Distracted Driving

Distracted driving is the act of driving while engaged in other activities—such as looking after children, texting, talking on the phone or to a passenger, eating, or reading—that take the driver’s attention away from the road. All distractions compromise the safety of the driver, passengers, pedestrians and those in other vehicles.

Distracted driving contributes to the main killers on UAE’s roads (sudden lane change, driving too close to the vehicle in front, entering road without checking if clear and lack of attention)

There are 4 main types of distraction:

  • Visual: taking your EYES off the road
  • Manual: taking your HANDS off the wheel
  • Cognitive: taking your MIND off of driving
  • Auditory: taking your EARS off (alarming) traffic sounds

Visual inattention (looking away from the road ahead) is the single most significant factor contributing to crash and near crash involvement.

While any of these distractions can endanger the driver and others, texting and talking on the phone while driving is especially dangerous because it combines all 4 types of distraction.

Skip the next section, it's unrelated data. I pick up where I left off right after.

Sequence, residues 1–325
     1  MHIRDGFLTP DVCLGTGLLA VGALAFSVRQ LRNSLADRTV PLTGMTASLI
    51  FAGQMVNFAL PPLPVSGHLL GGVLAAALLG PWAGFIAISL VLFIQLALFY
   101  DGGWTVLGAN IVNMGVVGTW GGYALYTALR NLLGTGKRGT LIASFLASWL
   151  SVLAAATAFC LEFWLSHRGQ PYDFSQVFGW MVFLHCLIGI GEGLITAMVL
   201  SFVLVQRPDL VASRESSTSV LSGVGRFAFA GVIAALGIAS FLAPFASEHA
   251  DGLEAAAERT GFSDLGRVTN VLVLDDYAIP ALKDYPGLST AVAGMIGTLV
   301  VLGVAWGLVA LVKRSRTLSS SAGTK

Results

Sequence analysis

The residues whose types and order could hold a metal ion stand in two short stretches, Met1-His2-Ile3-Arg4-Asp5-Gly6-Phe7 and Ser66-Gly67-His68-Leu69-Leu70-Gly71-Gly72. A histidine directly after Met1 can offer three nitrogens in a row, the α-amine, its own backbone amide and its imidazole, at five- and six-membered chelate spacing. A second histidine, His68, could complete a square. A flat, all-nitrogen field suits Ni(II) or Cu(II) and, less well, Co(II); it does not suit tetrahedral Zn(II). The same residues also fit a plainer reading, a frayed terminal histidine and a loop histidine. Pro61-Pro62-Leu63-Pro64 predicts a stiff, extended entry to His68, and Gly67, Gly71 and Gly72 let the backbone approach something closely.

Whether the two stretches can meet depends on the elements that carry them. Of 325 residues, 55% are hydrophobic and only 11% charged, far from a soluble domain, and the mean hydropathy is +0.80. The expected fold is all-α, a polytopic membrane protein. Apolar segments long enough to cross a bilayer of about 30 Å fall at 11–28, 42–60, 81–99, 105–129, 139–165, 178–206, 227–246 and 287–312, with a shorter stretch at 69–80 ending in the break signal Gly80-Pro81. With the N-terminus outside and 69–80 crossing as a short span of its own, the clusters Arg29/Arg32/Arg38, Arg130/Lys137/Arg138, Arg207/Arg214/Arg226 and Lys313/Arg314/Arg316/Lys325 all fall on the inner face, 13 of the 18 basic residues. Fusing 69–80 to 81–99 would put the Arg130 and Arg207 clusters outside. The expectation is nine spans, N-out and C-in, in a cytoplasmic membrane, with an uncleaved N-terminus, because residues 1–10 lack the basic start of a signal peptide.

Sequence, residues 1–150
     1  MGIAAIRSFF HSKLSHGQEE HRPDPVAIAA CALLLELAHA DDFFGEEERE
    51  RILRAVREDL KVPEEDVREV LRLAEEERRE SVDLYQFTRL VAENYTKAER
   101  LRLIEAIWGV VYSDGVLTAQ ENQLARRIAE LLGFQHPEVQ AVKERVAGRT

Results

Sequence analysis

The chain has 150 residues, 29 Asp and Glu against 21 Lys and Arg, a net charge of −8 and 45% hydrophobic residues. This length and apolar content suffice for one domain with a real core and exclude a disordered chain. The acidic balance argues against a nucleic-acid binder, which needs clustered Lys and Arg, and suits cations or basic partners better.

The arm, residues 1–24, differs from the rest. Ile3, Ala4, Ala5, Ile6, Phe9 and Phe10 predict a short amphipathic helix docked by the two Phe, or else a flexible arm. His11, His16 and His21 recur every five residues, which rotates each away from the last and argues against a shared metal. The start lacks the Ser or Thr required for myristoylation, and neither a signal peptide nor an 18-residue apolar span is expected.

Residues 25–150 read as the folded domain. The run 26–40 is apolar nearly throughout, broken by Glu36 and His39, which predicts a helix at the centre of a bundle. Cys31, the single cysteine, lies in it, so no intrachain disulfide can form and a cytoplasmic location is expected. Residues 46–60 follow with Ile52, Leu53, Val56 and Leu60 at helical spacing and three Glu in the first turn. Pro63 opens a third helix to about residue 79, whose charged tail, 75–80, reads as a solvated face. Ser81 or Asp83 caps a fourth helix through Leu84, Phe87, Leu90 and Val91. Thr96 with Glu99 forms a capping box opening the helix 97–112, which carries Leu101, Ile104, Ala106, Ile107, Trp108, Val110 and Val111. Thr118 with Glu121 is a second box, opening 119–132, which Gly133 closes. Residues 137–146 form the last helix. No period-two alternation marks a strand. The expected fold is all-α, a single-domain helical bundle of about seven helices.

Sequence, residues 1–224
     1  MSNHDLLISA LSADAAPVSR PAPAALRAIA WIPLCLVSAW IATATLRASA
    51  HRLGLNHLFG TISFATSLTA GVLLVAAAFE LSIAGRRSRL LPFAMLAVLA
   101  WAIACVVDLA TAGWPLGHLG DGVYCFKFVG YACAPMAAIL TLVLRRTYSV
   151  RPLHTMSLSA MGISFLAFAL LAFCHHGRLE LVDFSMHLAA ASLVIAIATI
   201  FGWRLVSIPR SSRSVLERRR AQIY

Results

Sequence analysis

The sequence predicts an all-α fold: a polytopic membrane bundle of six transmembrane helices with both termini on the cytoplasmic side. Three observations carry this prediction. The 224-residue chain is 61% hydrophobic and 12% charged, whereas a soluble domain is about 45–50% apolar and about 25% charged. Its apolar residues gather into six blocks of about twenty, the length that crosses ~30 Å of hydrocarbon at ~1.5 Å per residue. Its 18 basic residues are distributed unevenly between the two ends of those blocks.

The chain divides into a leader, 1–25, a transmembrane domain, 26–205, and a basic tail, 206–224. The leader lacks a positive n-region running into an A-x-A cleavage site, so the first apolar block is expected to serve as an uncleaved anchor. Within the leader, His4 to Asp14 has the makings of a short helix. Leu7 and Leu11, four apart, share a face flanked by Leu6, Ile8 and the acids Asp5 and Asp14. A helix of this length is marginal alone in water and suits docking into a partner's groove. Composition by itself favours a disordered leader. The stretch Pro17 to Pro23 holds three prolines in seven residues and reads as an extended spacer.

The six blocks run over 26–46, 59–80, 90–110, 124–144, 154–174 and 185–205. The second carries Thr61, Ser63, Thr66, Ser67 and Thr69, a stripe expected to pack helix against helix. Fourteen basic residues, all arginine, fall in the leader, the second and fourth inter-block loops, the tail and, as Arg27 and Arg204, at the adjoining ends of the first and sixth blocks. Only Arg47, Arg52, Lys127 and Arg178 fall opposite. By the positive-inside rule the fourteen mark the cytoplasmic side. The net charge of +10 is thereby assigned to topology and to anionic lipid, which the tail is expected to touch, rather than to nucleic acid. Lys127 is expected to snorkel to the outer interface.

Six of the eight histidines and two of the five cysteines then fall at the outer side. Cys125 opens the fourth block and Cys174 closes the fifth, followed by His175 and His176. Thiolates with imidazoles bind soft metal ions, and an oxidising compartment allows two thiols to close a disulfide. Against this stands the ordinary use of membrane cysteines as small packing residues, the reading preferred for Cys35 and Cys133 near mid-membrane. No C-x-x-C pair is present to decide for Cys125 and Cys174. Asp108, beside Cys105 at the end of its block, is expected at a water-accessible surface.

Watch out for these main forms of distraction:

  • Talking on the phone
  • Texting or using the Internet
  • Other occupants in the car, especially children and pets
  • Smoking, eating or drinking
  • Rubbernecking
  • Adjusting radio / entertainment system
  • Reaching for objects in car
  • Using GPS system (setting or changing  while driving)
  • Reading a map
  • Applying  makeup  or styling hair


Interesting Research findings:

A study by Monash University found that having one or more children in the car was 12 times more distracting than talking on a mobile phone while driving

Speaking on a cell phone while driving reduces focus on the road and the act of driving by 37%, irrespective of hands-free cell phone operation.

The US Department of Transportation estimates that reaching for a cell phone distracts a driver for 4.6 seconds, or the equivalent of the length of a football field, if the vehicle is traveling 90km/h.

It has been shown that reaching for something inside the vehicle increases the accident risk by 9 times. Texting while driving increases the risk of an auto accident by 23 times.

A study by AAA found that talking to a passenger was as distracting as talking on a hands-free mobile phone.

More interesting research can be found here:  http://www.sr22insurance.net/distracted-driving/


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